US4461883A - Process for producing conjugated diene polymer using a solubilized lanthanum carboxylate catalyst - Google Patents

Process for producing conjugated diene polymer using a solubilized lanthanum carboxylate catalyst Download PDF

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US4461883A
US4461883A US06/387,780 US38778082A US4461883A US 4461883 A US4461883 A US 4461883A US 38778082 A US38778082 A US 38778082A US 4461883 A US4461883 A US 4461883A
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Yasumasa Takeuchi
Mitsuhiko Sakakibara
Tooru Shibata
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JSR Corp
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    • CCHEMISTRY; METALLURGY
    • C08ORGANIC MACROMOLECULAR COMPOUNDS; THEIR PREPARATION OR CHEMICAL WORKING-UP; COMPOSITIONS BASED THEREON
    • C08FMACROMOLECULAR COMPOUNDS OBTAINED BY REACTIONS ONLY INVOLVING CARBON-TO-CARBON UNSATURATED BONDS
    • C08F36/00Homopolymers and copolymers of compounds having one or more unsaturated aliphatic radicals, at least one having two or more carbon-to-carbon double bonds
    • C08F36/02Homopolymers and copolymers of compounds having one or more unsaturated aliphatic radicals, at least one having two or more carbon-to-carbon double bonds the radical having only two carbon-to-carbon double bonds
    • C08F36/04Homopolymers and copolymers of compounds having one or more unsaturated aliphatic radicals, at least one having two or more carbon-to-carbon double bonds the radical having only two carbon-to-carbon double bonds conjugated

Abstract

A process for producing a conjugated diene polymer, characterized by polymerizing at least one conjugated diene with a catalyst consisting of (A) a reaction product of a Lewis base and a carboxylate of a rare earth element of the lanthanum series represented by Ln(R1 CO2)3 wherein Ln is a rare earth element of the lanthanum series having an atomic number of 57 to 71 and R1 is a hydrocarbon substituent having 1 to 20 carbon atoms, (B) an organic aluminum compound represented by AlR2 R3 R4 wherein R2, R3 and R4, which may be identical or different, represent hydrogen atoms or hydrocarbon substituents having 1 to 8 carbon atoms, excluding the case where all of R2, R3 and R4 are hydrogen atoms at the same time, and (C) an (alkyl)aluminum halide represented by AlXn R5 3-n wherein X is Cl, Br, F or I; R5 is a hydrocarbon substituent having 1 to 8 carbon atoms; and n has a value of 1, 1.5, 2 or 3, or consisting of these (A), (B) and (C) components and (D) a conjugated diene. A polymer obtained by said process has a high cis-1,4-configuration content and is excellent in physical properties of vulcanizate.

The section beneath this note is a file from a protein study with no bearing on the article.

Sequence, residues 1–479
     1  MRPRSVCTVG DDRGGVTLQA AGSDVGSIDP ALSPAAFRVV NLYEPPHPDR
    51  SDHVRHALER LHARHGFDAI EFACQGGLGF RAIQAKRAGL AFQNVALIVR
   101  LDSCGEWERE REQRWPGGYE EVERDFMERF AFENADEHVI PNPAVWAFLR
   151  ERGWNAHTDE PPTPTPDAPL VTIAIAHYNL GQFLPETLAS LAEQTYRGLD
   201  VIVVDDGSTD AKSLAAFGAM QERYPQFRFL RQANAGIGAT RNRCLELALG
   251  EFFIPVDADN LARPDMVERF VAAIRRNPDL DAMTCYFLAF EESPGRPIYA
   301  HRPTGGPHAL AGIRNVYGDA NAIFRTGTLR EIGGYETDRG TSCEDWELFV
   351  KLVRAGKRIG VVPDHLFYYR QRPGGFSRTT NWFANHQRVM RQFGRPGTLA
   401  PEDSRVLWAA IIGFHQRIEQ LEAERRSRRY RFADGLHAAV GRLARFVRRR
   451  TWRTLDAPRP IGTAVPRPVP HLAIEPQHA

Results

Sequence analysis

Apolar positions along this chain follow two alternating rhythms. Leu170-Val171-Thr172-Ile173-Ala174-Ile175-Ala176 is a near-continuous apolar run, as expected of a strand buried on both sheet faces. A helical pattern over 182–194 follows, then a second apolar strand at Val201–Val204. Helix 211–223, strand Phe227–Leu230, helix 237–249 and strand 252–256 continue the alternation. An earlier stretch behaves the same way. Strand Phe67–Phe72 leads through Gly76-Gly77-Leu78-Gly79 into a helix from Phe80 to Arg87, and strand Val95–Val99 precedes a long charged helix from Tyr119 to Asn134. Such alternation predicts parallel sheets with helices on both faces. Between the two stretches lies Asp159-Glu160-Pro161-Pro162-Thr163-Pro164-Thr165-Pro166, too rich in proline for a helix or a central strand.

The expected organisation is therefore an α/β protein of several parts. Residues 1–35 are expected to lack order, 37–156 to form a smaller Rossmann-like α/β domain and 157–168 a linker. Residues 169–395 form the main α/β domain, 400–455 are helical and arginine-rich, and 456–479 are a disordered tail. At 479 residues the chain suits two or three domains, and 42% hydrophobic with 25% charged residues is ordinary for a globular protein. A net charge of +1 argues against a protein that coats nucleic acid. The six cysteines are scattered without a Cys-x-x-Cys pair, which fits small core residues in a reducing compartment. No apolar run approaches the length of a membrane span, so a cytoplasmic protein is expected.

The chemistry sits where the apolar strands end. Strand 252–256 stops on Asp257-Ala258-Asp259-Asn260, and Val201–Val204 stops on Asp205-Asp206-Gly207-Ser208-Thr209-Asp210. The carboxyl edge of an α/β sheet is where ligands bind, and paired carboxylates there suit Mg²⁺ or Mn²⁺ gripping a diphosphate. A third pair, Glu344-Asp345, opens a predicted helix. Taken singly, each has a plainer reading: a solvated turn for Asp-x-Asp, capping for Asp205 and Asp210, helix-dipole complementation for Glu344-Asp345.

Description

This invention relates to a process for producing a conjugated diene polymer by polymerizing at least one conjugated diene with a novel catalyst. More particularly, it relates to a process for producing a conjugated diene polymer having a high 1,4-configuration content, excellent physical properties of vulcanizate, and, optionally, a regulated molecular weight, by polymerizing a conjugated diene with a catalyst comprising a reaction product of a Lewis base and a carboxylate of a rare earth element of the lanthanum series, an organic aluminum compound, and an (alkyl)aluminum halide.

Cis-1,4-polyisoprene and cis-1,4-polybutadiene are produced as general purpose synthetic rubber and widely used particularly as materials for tyres. However, these conjugated diene polymers leave room for improvement, for example, cis-1,4-polyisoprene is inferior to natural rubber in physical properties, and investigations are being continued. This invention provides one result of the investigations.

As to a catalyst containing a rare earth element for polymerization of a conjugated diene, polymerization of butadiene by use of neodymium naphthenate, (i-C4 H9)3 Al and Al2 (C2 H5)3 Cl3 has been reported in the "Journal Polymer Science", Vol. 18, 3345 (1980). However, according to this method, neodymium naphthenate is very difficult to dissolve in a hydrocarbon solvent. Moreover, the catalyst consisting of the combination described above is low in polymerization activity, and hence, disadvantageous for industrial use.

In said literature reference, there has been reported polymerization of butadiene with a ternary catalyst consisting of NdCl3, an alcohol and Al(C2 H5)3. However, there are many problems when a catalyst system consisting of this combination is used for polymerization. That is to say, NdCl3 is solid and insoluble in a hydrocarbon solvent. The reaction product of NdCl3 and an alcohol gives a precipitate insoluble in a hydrocarbon solvent depending upon the quantity of the water of crystallization of NdCl3. Therefore, the resulting catalyst component is heterogeneous. This is very disadvantageous for using it for industrial purposes. Furthermore, catalyst systems consisting of the combination described above have defects, for example, low polymerization activity.